Philippines 'deadliest' country for land, environmental defenders in Asia

Gaea Katreena Cabico - Philstar.com
Philippines 'deadliest' country for land, environmental defenders in Asia
In this file photo, Dumagats protest the planned construction of a dam along the Agos River. They fear that the dam project will displace their communities and destroy their ancestral domain.
The STAR / Boy Santos, File

MANILA, Philippines — The Philippines was the deadliest country in Asia for environmental and land activists in 2019, with at least 43 recorded deaths, according to an international watchdog.

In a report released Wednesday, Global Witness said that 20% of the 212 of the environmental activists defenders murdered last year were from the Philippines, making it the second most dangerous nation in the world behind Colombia and the first in Asia.

Farmers, indigenous leaders and government workers tasked with protecting the environment were among the victims.

In 2018, the Philippines had the highest number of recorded deaths—at 30—worldwide.

Global Witness said that more than half of the deaths in the country last year were related to agribusiness. Meanwhile, 16 killings were linked to mining—the highest globally.

“We are suffering a global pandemic expected to inflict P2.2-trillion damages on top of at least 1.36-trillion losses from climate impacts and natural resource plunder incurred over the past four years of the Duterte administration,” Leon Dulce, national coordinator of Kalikasan People’s Network for the Environment, said in a statement. 

“It is alarming that Filipino environmental defenders confronting these existential planetary crises are still increasingly criminalized and murdered under the administration of President Rodrigo Duterte,” he added.

Highly militarized regions

Nearly 90% of the killings last year took place in resource-rich Mindanao and on Negros Island, according to the report. 

Almost half of all land and environment defenders killed last year were from Mindanao, where the military has long maintained a heavy presence.

The report put a spotlight on Talaingod-Manobo communities in Mindanao, which is being threatened by mining projects and China-backed hydropower dam—an example of “business at all costs” in the country.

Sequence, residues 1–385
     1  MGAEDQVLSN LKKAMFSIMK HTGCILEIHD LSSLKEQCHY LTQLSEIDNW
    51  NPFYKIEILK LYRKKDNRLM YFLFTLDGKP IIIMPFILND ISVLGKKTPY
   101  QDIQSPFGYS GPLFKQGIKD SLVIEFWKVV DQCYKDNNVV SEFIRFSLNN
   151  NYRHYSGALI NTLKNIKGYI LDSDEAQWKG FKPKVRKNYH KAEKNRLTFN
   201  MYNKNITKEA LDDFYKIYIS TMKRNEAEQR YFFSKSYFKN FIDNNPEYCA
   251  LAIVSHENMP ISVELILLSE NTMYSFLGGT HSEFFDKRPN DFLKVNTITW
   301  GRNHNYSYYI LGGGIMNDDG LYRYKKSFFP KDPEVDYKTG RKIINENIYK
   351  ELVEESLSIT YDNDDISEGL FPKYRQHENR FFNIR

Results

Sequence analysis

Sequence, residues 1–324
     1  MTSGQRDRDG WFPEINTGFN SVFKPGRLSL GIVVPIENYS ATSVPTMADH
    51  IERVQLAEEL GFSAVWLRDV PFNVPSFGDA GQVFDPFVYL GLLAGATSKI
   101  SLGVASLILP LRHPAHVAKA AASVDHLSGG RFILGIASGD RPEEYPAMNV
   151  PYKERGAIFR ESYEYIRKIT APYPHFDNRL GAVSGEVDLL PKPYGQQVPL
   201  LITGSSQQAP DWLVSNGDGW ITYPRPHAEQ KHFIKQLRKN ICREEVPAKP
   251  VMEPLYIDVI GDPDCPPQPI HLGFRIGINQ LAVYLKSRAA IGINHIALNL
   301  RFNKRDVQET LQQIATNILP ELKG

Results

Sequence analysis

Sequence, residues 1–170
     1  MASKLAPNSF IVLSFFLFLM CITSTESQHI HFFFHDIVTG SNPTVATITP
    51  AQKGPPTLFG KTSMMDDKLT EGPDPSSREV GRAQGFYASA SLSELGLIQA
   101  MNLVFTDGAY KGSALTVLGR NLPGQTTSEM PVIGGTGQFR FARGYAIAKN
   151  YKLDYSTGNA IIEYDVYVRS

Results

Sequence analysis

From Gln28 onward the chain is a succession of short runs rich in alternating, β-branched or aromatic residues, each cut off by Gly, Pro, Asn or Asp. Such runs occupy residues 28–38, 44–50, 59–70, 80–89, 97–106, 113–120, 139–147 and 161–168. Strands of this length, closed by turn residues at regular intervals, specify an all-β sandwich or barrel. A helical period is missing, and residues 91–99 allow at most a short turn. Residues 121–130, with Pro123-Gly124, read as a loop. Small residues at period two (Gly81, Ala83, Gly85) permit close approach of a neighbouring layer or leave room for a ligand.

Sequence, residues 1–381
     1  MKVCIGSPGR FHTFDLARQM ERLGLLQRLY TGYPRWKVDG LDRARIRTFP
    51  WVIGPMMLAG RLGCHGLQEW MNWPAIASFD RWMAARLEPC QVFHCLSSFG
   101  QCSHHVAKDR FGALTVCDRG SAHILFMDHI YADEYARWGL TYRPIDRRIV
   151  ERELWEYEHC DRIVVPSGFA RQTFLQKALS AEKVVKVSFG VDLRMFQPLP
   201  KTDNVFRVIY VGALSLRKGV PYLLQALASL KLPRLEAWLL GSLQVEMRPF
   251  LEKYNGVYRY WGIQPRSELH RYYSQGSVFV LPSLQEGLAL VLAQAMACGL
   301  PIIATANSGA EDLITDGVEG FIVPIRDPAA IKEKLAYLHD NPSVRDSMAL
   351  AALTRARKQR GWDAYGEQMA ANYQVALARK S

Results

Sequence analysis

“Large companies, influential politicians and established landowners continue to make money with brazen disregard for the rights and wellbeing of local communities, and the lives of activists,” Global Witness said.

A large number of activists were also killed on Negros island in Visayas, which is also heavily militarized.

“Peasant laborers and farmers groups have long campaigned for land reform over the island’s vast sugar plantations to address inequality and poverty across the region. Despite promises, the Philippine government has done little to support these communities, frequently putting the interests of big agribusiness first,” it said.

According to the Global Witness, half of the documented killings since Duterte assumed power in 2016 were linked to the armed forces or paramilitary groups.

Criminalization of activists

The report stressed that the “relentless vilification of defenders by the government and widespread impunity for their attackers” may be driving the increase in killings.

“In the Philippines, individual activists and environmental organizations have been accused of being rebels or communist sympathizers—a practice commonly known as ‘red-tagging.’ Inflammatory calls by Duterte’s government to kill activists deemed to be obstructing justice,’ as well as his direct threats to bomb indigenous schools puts defenders at much greater risk of attacks,” it said.

Early this month, Duterte signed the controversial terror bill into law which environmentalists feared could result in more attacks against activists protecting the climate and the country’s forest and seas.

Even government workers were not spared. Eight of the reported murders of state employees responsible for protecting the environment took place in the Philippines.

Organizations Kalikasan PNE, Save our School Network and Alyansa Tigil Mina urged the Philippine government to conduct an independent investigation into attacks on indigenous groups, remove military units from lands of indigenous peoples and dismantle paramilitary groups.

They also called for the repeal of the Anti-Terrorism Act of 2020.  

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